Indiana Racing Commission To Consider Sale Of Tracks To Eldorado Amid Staff Concerns

The Indiana Horse Racing Commission will meet next week to consider a petition from Eldorado Resorts to purchase permits and licenses to hold racing in the state from Caesars Entertainment. Based on a redacted report released to the public this week, commission staff have expressed concern about whether the purchase would be good for racing in Indiana.

Eldorado currently owns Pompano Park in Pompano Beach, Fla., and Scioto Downs in Columbus, Ohio. It also once owned Presque Isle Downs before selling the Erie, Penn., track to Churchill Downs, Inc. and Mountaineer Park in New Cumberland, W.V., which it sold to Century Casinos last year.

While the report from executive director Deena Pitman made note of big promises made by Eldorado to the commission and horsemen about its willingness to contribute to the longterm health of racing, it also raised concerns about the company. For one thing, the report noted a decline in stock shares of Eldorado from their 52-week average and questioned whether Eldorado would continue to invest in its racing properties, particularly if new financial challenges arose as a result of COVID-19 or other factors.

More importantly though, Pitman expressed serious concern about feedback from horsemen at Pompano, Scioto and Mountaineer. Reports prepared by a third party demonstrated a poor relationship between horsemen and track management and alleged unwillingness by Eldorado to repair facilities like grandstand and seating areas and barns. At Mountaineer, the report also noted, track employees were paid far less than average before it was sold, causing staff shortages and making retention difficult. At various times, the track had been short of several assistant starters and had gone months without a track superintendent at the time of a report authored by consultant Doug Reed in February 2020, around the time the sale of the property to Century was due to close.

“Unfortunately, based on all of the information before the Commission Staff, it is not clear that ERI offers the capable leadership needed for the future of Indiana racing. This is not a conclusion that the Commission Staff reaches lightly. As stated above, the Commission Staff was impressed with the commitments that ERI offered in the March Letter. These commitments, for the first time, made Commission Staff believe that ERI was giving serious thought and consideration to its ownership of the two racing permits and its place as a steward of both racing and the Anderson and Shelbyville communities.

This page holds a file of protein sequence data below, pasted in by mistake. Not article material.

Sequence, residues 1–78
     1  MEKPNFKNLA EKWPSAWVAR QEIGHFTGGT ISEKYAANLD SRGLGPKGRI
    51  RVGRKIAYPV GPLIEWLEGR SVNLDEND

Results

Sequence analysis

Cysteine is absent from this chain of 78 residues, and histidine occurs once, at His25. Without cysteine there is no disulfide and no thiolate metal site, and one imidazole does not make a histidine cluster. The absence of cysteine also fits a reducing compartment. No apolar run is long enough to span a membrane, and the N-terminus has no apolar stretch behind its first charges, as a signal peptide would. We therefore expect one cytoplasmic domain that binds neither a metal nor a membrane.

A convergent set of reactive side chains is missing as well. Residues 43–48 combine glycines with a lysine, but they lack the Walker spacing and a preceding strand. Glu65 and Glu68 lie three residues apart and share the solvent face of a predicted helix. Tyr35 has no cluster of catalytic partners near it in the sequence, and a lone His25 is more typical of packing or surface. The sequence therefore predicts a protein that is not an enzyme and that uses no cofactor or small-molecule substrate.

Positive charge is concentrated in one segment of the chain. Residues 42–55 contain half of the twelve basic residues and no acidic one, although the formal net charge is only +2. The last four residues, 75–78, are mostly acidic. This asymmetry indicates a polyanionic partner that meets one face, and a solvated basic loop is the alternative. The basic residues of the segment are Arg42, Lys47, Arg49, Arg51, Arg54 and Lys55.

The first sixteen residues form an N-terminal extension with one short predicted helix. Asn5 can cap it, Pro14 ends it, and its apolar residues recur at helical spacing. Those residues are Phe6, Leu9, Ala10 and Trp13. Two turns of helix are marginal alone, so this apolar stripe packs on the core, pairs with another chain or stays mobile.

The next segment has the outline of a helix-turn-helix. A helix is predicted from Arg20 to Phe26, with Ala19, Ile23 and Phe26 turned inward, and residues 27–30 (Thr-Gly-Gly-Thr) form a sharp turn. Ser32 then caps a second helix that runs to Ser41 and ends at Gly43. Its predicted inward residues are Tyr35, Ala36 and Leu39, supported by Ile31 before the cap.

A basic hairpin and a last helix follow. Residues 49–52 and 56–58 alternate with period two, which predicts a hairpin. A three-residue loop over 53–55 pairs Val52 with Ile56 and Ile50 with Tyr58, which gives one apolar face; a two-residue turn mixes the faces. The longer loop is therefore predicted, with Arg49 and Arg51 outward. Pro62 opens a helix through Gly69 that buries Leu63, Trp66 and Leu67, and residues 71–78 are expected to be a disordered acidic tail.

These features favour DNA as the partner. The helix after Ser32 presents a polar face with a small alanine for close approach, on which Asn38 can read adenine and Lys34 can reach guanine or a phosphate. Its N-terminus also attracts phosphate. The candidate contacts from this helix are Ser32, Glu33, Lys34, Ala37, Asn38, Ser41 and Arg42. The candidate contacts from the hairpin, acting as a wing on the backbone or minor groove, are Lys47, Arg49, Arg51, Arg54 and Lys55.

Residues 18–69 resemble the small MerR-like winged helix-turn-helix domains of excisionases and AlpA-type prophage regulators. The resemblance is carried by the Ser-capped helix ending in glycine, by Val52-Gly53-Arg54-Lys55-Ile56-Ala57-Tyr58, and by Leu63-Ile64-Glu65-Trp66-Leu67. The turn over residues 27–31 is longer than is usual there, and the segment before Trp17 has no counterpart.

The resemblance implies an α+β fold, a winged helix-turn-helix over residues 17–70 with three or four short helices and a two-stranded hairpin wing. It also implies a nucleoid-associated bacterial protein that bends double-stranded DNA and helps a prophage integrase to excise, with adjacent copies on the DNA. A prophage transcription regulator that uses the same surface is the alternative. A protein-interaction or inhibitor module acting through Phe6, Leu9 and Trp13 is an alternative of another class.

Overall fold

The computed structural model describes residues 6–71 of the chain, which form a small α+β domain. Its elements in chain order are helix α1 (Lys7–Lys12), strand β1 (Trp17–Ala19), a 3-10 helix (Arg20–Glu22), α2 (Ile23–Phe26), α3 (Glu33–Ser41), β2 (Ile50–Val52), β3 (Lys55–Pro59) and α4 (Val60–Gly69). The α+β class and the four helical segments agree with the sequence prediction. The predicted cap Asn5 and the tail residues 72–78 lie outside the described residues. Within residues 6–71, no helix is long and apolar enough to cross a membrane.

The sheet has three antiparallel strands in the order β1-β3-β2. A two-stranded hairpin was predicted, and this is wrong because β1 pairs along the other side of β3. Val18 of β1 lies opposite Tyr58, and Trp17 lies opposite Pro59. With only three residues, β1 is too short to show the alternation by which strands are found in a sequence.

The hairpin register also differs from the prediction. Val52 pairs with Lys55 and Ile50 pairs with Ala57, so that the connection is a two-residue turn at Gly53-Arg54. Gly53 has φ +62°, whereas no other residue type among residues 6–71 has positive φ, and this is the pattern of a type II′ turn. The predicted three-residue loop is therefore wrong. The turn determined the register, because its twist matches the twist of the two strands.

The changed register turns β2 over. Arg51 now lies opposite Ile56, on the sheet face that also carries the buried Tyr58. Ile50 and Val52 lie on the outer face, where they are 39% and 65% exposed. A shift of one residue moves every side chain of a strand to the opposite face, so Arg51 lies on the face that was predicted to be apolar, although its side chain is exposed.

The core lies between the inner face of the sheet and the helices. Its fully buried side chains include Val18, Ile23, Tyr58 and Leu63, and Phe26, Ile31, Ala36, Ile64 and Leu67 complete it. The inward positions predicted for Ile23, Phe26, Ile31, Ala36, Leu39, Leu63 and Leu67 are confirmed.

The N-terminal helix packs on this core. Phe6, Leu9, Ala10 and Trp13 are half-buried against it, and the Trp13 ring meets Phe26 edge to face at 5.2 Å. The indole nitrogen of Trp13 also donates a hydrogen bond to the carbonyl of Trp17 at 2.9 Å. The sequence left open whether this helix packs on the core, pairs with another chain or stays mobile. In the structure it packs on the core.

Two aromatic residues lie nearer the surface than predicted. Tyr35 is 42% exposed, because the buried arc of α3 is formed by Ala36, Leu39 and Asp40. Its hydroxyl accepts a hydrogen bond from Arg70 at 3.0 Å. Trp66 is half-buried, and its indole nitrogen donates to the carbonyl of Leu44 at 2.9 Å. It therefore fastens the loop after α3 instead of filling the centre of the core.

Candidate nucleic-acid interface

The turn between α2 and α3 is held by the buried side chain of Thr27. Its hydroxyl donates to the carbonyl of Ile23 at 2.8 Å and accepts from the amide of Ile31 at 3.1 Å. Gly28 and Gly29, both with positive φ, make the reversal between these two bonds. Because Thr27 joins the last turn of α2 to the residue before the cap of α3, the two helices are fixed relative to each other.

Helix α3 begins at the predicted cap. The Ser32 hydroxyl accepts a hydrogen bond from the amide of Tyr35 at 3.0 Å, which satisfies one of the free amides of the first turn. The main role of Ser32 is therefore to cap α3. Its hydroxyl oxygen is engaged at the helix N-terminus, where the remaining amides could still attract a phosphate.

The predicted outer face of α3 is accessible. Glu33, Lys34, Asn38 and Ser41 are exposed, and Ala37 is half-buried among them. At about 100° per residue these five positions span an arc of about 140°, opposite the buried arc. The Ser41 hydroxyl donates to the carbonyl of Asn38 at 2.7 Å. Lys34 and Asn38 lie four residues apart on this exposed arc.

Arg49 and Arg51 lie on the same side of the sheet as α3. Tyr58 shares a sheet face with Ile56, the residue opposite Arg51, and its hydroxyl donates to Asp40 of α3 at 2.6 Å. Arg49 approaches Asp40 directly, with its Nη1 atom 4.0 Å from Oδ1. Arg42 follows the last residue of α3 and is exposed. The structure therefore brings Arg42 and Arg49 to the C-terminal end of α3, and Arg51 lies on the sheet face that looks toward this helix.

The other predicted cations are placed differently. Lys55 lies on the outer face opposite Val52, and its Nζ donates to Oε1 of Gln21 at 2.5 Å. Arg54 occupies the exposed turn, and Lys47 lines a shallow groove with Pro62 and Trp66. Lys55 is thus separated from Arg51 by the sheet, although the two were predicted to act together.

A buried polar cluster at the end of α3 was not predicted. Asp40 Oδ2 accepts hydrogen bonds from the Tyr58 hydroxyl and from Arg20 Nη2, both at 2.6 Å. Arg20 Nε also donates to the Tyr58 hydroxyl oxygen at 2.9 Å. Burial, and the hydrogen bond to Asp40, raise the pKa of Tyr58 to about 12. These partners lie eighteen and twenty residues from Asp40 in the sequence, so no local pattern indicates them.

“On the other hand, Commission Staff cannot ignore the information in Reed’s Second Report. It is difficult to reconcile the ‘two sides’ of ERI as an organization — one that is promising great things and making commitments to the Indiana horsemen and IHRC to be the permit holder that the Indiana industry needs. The other, an entity that is and has been clearly disinterested in horse racing since entering the industry in 2014 and seems strongly averse to spending any additional money to improve horse racing at its currently-owned properties.”

Pitman outlined a 22-item list of requirements she advised the commission require of Eldorado before approving the sale, including a racing escrow fund of $25 million to be spent over a ten-year period, application and accreditation by the NTRA Safety and Integrity Alliance for Indiana Grand, and more.

The commission will meet in closed executive session on Monday morning to discuss the issue, and followed by a public meeting.

Pitman’s report is available here.

The post Indiana Racing Commission To Consider Sale Of Tracks To Eldorado Amid Staff Concerns appeared first on Horse Racing News | Paulick Report.

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